Fan

PostBy: endinmaine On: Tue Nov 28, 2006 6:57 pm

I have a 3 bladed EcoFan similar to this one http://www.ecofan.com/.
It generates electricity to power the fan from the heat of the stove. Mine is rated at 150 cfm but I think that is mostly marketing hype ,, maybe 50 cfm at best. It does move the heat some but not nearly as much as the 9" fan I put in the door way corner to move the heat to the end of my 85' ranch. I bought it at Walmart ,,, http://www.epinions.com/Lakewood_High_V ... Fan_9_Inch
endinmaine
 
Hand Fed Coal Stove: Margin Gem Cook Stove and Harman Mark III
Stove/Furnace Make: Harman and Margin Gem
Stove/Furnace Model: Mark III and CookStove

PostBy: FlyingMoose On: Tue Nov 28, 2006 9:09 pm

LsFarm,

For one thing, I'm guessing you mean about 1 amp at 120V. It would probably be easier to replace that with a 12V DC motor, which could be much more efficient.

Here's a unit designed to power a circulator pump:

<removed dead link>
Last edited by Richard S. on Mon Nov 18, 2013 8:15 pm, edited 1 time in total.
Reason: <removed dead link>
FlyingMoose
 

PostBy: FlyingMoose On: Tue Nov 28, 2006 9:20 pm

endinmaine,

Looking at the picture of that fan, it looks like it was designed by a moron. There's a big long upright section that has to conduct the heat from the base all the way to the fan, and is also right in the airflow. Most of the heat energy will be lost by the time it gets to the top. The thermocouple should be right at the bottom, almost against the stove, and it could also use a better heatsink at the top.

If designed well, I think that fan would work quite nicely.
FlyingMoose
 


PostBy: LsFarm On: Thu Nov 30, 2006 7:52 am

Moose, do you have any idea what the thermocouple powered circulator pump costs?? And the capacity of the pump compared to say a TACO 007 or 011 pump??

Yes I did mean 1 amp at 120vac. If it was a DC 12v motor wouldn't you need 10amps to get the same power [watts?]

interesting idea.

Greg L
LsFarm
 
Stoker Coal Boiler: Axeman Anderson 260
Hand Fed Coal Boiler: Self-built 'Big Bertha' SS Boiler
Baseburners & Antiques: Keystone 11, Art Garland

PostBy: FlyingMoose On: Thu Nov 30, 2006 2:23 pm

Greg,

It probably costs more than you'd get back in power savings. However, it might be useful if you're in an area with long or frequent power failures, ice storms and similar weather, or if you're concerned about long-term infrastructure disturbances (such as the power grid going down).

I'm not familiar with the pumps you're asking about.

Yes, you'd need 10 amps to get the same power. However, if you used a high-efficiency DC motor, you would need less. The unit on that site produces 20 watts, which would probly be enough for most circulator situations. You'd be better putting money into a more efficient pump and larger pipes than more thermocouples.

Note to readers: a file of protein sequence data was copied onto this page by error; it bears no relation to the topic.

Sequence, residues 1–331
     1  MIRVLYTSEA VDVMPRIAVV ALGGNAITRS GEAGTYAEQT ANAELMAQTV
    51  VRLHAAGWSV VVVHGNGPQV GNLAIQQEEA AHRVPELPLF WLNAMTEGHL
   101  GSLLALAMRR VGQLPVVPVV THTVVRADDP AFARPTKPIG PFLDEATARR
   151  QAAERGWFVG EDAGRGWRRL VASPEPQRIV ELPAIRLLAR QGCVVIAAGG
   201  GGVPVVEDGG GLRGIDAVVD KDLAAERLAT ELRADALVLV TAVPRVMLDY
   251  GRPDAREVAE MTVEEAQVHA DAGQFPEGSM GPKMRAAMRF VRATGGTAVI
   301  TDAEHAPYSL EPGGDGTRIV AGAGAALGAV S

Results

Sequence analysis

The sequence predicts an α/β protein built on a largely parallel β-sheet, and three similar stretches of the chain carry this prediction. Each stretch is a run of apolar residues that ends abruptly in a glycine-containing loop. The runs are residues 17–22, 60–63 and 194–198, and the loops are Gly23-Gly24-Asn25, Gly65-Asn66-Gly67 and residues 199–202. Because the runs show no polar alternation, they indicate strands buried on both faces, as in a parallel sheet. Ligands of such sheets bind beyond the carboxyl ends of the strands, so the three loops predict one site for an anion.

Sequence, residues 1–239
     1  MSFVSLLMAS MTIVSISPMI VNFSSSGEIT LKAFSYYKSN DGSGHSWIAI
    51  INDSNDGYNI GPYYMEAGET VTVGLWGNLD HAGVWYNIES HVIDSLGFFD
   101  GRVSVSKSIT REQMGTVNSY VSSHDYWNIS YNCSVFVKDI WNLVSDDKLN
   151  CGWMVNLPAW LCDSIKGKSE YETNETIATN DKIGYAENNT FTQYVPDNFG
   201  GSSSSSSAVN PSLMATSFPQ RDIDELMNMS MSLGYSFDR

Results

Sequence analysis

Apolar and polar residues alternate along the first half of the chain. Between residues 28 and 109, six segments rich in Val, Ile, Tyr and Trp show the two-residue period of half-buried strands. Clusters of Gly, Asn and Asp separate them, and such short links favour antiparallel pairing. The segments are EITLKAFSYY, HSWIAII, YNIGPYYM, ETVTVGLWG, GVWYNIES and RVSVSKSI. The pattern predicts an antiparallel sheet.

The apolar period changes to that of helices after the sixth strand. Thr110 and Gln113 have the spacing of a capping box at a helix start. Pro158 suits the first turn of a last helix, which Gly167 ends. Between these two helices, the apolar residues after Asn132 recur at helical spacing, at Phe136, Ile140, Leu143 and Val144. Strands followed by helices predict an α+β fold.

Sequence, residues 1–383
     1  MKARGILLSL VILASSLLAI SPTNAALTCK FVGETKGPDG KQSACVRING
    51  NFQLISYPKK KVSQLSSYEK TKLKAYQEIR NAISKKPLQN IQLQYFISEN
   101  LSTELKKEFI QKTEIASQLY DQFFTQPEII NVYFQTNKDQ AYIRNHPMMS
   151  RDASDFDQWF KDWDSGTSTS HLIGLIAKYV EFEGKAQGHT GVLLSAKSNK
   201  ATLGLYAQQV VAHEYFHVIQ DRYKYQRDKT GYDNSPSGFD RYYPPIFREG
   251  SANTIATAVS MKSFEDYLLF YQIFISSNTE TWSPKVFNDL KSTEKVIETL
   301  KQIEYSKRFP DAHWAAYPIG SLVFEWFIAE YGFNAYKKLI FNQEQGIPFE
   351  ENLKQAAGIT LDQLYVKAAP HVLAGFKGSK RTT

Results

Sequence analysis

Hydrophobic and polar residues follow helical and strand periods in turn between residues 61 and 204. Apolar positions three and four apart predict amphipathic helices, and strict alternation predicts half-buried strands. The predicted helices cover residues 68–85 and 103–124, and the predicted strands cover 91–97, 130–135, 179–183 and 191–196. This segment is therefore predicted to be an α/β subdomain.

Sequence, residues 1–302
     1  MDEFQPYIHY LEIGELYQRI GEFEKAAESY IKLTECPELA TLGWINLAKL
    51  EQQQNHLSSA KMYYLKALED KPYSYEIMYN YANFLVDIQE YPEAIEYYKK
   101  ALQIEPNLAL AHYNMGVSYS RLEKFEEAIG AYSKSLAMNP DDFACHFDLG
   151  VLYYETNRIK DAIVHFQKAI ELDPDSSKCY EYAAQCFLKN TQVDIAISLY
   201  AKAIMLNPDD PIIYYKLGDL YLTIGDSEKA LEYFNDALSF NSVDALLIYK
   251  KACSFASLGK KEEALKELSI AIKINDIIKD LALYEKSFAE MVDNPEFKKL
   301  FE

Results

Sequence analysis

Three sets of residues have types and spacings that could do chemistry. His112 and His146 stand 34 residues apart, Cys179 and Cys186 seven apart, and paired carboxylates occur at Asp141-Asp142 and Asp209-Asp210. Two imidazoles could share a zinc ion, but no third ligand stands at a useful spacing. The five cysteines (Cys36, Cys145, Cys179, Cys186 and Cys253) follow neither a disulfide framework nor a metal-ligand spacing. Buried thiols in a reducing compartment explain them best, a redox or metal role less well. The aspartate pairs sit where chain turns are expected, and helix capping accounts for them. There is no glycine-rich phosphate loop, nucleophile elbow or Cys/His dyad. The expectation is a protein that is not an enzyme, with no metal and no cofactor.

If you used the thermocouples on the Hi-Z site, you could get 120 watts for about $1000, which is somewhat comparable to solar panels.
FlyingMoose
 

PostBy: LsFarm On: Thu Nov 30, 2006 2:49 pm

Thanks Moose, I thought it would be prohibitively expensive. I can power the whole farm for about $70 per day with my standby generator, so it would take quite a power-outage to consume the cost of just one pump. And it wouldn't solve the problem of powering the rest of the farm anyway.

I can see your point though about using one where there is no power or frequent long term power outages.

Thanks for the info

Greg L
LsFarm
 
Stoker Coal Boiler: Axeman Anderson 260
Hand Fed Coal Boiler: Self-built 'Big Bertha' SS Boiler
Baseburners & Antiques: Keystone 11, Art Garland

PostBy: Yanche On: Tue Dec 05, 2006 11:16 pm

Check out E-Bay item 7613178206 for the way homeowners once made electricty using coal. I would love to own it!

Yanche
Yanche
 
Stoker Coal Boiler: Alternate Heating Systems S-130
Coal Size/Type: Anthracite Pea

PostBy: Matthaus On: Wed Dec 06, 2006 12:28 am

:idea: Now that would make a cool science project for keeping you busy over the winter!

I bet that thing sounds great when it gets up a full head of steam.
Matthaus
 
Stoker Coal Boiler: Leisure Line WL110 Dual Fuel, natural gas
Hot Air Coal Stoker Stove: Leisure Line Lil' Heater (rental house)
Coal Size/Type: Rice and Buckwheat Anthracite

PostBy: BurninCoalInRI On: Sat Dec 09, 2006 2:41 am

I was thinking about theoretically changing the Harman mag Stoker to all 12v and running a deep cycle battery off solar electric panels on the roof.

Or just use a $40 400w invertor from home depot, and use more solar electric panels to make up for the loss of efficiency.

Such a scheme would maybe be more fruitful than trying to create electricity off the stove. Although the stirling cycle engine is interesting (if overly complex and probably noisy)
BurninCoalInRI
 

PostBy: mjwood0 On: Sat Dec 09, 2006 7:34 am

Deep cycle batteries with solar power seems like the smartest way to go. Shouldn't take too much power for one decent sized panel. I've always wanted to play with solar. Could be a fun science project!
mjwood0
 
Stove/Furnace Make: Leisure Line
Stove/Furnace Model: Econo